(Source)

Let’s consider the implications. Let’s ponder for a moment why there is an urgency for hudud when we already have a well entrenched and complete penal law in place? Why fix something that is not broken? There the police  to investigate and arrest the criminal and we have the good hands of the law to determine and provide the correct punishments. Yes it is not perfect, there are loopholes but then again, largely it has been working well. Now why want to introduce another set of laws that runs parallel to this and create uncertainties and injustice?

Back in 2012, Dr M mentioned this:-

“In hudud, if you steal, you can have your hand chopped off. But they want to chop off only Muslims’ hand, not the non-Muslim who steal same amount of money. Surely it’s not justice,” he told the audience during the question-and-answer session

(Source)

As I have mentioned before, the problem in this country had never been a lack of the necessary laws to curtail crime. And where there are shortcoming in the law, we always have the Parliament to make the necessary amendments to the law. So one cannot see how hudud will make things all better. Yes the punishment maybe more harsher but the same can be amended for the existing laws. Then there is an issue of enforcement as well and what if someone makes a mistake?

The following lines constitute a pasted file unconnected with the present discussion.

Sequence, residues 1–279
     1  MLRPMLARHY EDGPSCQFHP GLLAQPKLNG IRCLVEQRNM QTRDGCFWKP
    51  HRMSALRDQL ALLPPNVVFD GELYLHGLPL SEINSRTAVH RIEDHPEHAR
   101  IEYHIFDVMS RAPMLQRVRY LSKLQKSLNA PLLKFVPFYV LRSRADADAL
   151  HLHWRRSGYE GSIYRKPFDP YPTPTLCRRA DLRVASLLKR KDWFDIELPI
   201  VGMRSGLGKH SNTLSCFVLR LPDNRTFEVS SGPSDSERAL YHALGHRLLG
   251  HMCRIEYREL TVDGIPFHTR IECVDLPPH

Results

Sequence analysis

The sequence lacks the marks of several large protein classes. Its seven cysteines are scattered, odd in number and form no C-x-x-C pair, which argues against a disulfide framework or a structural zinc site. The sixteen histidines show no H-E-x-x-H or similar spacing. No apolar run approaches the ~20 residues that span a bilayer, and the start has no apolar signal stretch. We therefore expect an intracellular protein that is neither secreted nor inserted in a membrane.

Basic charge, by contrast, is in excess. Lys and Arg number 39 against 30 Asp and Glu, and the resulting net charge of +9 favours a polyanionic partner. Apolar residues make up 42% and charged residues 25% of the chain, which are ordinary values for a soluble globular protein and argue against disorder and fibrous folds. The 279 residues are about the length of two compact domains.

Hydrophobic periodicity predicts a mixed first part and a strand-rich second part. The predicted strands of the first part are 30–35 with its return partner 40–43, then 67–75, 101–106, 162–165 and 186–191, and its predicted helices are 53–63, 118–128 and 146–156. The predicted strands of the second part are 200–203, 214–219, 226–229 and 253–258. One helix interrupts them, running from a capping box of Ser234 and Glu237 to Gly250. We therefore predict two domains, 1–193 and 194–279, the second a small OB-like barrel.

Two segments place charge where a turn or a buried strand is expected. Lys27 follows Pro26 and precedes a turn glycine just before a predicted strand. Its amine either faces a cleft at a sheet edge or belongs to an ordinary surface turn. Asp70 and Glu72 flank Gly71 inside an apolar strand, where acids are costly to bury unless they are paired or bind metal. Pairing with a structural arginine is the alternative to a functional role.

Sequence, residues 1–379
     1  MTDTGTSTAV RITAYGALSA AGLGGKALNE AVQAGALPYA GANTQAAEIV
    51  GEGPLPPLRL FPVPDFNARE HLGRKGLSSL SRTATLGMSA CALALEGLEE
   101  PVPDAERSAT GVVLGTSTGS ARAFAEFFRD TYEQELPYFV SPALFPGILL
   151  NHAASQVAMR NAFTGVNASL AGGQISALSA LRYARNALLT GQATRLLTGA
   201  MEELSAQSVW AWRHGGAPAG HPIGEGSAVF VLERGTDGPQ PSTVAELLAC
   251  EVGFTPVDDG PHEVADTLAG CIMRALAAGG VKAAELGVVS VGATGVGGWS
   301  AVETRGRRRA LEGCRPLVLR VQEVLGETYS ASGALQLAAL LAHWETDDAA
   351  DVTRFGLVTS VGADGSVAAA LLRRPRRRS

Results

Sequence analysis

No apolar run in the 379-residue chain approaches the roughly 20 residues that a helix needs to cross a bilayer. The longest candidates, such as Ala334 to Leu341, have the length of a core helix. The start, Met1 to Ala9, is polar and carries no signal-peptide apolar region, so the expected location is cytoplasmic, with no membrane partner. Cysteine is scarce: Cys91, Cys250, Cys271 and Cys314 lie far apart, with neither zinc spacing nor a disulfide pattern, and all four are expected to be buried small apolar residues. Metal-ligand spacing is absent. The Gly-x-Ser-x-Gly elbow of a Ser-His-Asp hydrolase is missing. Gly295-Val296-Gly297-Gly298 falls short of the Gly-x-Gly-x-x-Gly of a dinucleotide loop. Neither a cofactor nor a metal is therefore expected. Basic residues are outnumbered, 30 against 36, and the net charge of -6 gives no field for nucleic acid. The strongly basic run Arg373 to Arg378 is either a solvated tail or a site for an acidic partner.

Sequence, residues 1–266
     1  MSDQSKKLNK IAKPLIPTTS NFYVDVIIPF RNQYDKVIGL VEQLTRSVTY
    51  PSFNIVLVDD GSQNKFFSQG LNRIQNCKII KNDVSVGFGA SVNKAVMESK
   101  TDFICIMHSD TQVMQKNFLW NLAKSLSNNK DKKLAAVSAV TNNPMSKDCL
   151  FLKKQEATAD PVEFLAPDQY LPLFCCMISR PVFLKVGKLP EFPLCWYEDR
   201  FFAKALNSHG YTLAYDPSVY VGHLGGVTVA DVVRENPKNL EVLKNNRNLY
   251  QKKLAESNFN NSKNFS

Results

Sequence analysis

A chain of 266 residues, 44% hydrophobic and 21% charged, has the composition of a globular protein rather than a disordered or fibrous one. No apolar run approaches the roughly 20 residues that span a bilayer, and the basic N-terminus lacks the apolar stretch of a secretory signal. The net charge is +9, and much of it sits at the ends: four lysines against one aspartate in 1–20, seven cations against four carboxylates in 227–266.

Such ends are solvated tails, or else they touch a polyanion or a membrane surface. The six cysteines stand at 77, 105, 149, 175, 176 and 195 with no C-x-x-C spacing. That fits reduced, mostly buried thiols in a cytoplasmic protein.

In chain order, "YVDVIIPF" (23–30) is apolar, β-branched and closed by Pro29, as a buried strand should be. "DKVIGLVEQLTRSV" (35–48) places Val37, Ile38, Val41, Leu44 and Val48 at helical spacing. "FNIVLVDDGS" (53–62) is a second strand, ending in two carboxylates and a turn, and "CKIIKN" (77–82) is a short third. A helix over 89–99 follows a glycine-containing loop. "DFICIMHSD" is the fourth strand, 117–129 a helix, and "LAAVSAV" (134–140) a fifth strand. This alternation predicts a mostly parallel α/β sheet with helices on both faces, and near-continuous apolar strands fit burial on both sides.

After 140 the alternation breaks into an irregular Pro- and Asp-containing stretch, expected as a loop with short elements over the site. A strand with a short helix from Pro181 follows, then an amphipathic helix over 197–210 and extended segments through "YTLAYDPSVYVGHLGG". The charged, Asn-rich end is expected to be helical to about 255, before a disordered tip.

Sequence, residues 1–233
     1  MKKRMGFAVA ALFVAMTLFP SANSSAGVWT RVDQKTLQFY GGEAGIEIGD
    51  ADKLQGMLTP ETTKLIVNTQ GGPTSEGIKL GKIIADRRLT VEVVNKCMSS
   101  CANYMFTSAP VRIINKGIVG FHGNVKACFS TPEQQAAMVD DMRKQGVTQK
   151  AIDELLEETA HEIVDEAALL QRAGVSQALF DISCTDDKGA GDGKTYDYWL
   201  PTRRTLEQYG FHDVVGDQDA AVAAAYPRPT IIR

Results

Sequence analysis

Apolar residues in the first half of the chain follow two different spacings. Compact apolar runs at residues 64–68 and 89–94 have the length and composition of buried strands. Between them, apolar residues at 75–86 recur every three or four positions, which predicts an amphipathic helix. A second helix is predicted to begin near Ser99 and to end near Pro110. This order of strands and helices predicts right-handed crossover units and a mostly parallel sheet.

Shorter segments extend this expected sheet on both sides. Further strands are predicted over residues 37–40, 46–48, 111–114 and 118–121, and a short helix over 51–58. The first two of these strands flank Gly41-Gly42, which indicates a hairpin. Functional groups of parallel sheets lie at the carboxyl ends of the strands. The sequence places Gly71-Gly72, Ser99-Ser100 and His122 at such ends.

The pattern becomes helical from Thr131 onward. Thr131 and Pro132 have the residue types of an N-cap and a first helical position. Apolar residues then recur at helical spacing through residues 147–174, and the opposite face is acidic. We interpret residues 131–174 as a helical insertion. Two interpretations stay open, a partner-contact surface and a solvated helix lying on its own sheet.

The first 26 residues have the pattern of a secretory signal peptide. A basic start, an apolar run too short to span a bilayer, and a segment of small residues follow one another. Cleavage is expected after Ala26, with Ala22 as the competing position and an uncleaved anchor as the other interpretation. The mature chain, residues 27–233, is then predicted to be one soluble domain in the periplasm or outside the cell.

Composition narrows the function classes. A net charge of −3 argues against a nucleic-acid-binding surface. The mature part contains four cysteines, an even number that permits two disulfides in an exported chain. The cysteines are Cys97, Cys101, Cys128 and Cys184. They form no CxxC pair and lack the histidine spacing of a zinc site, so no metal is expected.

No doubt, the introduction of hudud into a secular country will revoke more questions. The same was the case of Eric Paulsen.

The IGP subsequently defended his action of arresting the civil rights lawyer Eric Paulsen under the Sedition Act by saying that he did it so as not to provoke a retaliation from the IS militants. He has a good and valid point there – too many people in the world do not think with an open mind when it comes to discussing on religion. They are just too emotional and are very quick to dismiss any talk on the religion – being holier than the holy. No one knows what kind reaction it will attract.